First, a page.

Congratulations to cohort 2 Student Aitor Garcia has had his paper published – in Physical Review B.
Graphene is a layer of carbon atoms arranged in regular hexagons and the first of atomically thin materials known as two-dimensional crystals. Initially obtained by mechanical exfoliation from graphite (which can be thought of as a thick stack of graphene layers), it is, amongst many superlatives, the strongest material ever measured and conducts electricity better than copper.
One of the most commonly used methods to characterise graphene materials is Raman spectroscopy which involves illuminating the sample with intense light of a certain frequency and detecting scattered light with a different frequency. The frequency shift arises because some of the energy of the incident light is passed to the material. By measuring the scattered light, we can deduce both how much energy was passed (by looking at the Raman shift – frequency difference between the incident and detected light) and how “efficient” this passing process was (by looking at how intense the scattered light at a given frequency is), hence learning something about the properties of the material. In fact, Raman spectroscopy is routinely used to determine the number of layers in a thin graphene fill, the density of defects in the material, doping or presence of strain.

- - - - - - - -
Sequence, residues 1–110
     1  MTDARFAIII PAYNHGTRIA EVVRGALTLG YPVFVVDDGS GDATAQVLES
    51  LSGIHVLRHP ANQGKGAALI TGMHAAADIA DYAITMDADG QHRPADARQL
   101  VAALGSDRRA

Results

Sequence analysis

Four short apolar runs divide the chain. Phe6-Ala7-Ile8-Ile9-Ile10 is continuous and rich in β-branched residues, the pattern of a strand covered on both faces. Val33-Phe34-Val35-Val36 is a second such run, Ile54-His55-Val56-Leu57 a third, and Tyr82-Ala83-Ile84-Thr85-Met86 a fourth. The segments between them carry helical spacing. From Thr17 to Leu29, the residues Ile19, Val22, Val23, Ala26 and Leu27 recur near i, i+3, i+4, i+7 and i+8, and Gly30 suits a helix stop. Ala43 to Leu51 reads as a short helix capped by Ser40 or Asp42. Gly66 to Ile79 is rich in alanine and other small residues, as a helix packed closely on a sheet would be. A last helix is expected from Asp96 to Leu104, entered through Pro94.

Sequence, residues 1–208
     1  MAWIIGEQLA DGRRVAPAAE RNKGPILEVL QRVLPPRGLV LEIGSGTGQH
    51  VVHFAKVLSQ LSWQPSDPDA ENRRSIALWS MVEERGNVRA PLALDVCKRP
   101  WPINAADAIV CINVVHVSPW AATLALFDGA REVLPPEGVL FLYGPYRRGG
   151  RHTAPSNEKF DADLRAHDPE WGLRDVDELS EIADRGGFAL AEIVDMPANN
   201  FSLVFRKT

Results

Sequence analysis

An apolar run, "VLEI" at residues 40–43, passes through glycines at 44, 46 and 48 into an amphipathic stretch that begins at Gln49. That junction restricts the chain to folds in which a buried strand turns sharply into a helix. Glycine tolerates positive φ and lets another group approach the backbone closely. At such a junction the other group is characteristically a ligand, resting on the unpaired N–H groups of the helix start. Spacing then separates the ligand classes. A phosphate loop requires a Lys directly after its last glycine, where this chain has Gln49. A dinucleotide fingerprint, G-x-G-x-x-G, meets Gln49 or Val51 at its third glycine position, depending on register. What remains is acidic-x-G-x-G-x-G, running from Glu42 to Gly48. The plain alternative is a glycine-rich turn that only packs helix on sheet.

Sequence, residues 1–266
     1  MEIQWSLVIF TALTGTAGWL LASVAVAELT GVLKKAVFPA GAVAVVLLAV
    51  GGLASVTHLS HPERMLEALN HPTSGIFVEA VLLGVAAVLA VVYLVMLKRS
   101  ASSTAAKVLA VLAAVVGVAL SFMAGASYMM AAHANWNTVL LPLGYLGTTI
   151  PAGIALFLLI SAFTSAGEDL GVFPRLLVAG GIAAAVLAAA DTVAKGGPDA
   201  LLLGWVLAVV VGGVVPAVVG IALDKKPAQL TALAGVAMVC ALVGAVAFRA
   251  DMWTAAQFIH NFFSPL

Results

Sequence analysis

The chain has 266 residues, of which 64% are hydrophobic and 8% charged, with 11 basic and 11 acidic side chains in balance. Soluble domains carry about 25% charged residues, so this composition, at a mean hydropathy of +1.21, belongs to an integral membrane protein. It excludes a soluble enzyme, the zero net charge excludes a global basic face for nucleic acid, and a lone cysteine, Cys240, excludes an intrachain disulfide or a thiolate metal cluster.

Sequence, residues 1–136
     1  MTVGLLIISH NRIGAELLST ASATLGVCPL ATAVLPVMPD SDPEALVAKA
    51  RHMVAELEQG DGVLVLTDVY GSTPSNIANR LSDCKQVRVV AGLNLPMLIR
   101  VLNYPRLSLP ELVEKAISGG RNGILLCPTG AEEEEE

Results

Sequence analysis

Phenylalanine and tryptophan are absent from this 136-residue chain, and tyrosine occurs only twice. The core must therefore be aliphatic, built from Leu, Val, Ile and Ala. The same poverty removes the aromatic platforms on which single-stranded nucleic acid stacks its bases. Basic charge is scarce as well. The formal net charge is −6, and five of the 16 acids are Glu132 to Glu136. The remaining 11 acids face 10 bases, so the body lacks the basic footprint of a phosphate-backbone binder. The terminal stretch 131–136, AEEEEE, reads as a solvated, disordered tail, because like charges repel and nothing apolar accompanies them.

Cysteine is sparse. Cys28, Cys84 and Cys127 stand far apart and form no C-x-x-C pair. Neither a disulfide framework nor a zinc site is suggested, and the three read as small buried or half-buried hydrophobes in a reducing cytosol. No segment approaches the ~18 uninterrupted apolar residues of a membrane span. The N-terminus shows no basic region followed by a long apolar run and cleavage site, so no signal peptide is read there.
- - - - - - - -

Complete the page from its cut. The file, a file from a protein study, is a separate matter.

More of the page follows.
In our paper, we have investigated theoretically whether Raman spectroscopy could be used to determine if the graphene sample is superconducting. Superconductivity is a consequence of an effective attraction between any two electrons with opposite momentum and spin, commonly known as Cooper pairing. When the temperature is low enough, such attraction induces a phase transition in the system that lowers its energy by a certain amount, often referred to as the superconducting gap. We found that if graphene is superconducting, a new peak appears in its Raman spectrum. The position of this peak (its Raman shift) is equal to the magnitude of the superconducting gap and its shape is related to the density of Cooper pairs in the material. Our work is especially timely given the recent discovery of superconductivity in twisted bilayer graphene.
Figure 1: The low-energy electronic contribution to the Raman spectrum of superconducting graphene with chemical potential 150 meV, for incoming photon energy 1 eV and (a) circular and (b) linear polarization of the incoming/scattered light. The solid and dashed lines correspond to superconducting gaps of 1 meV and 4 meV, respectively.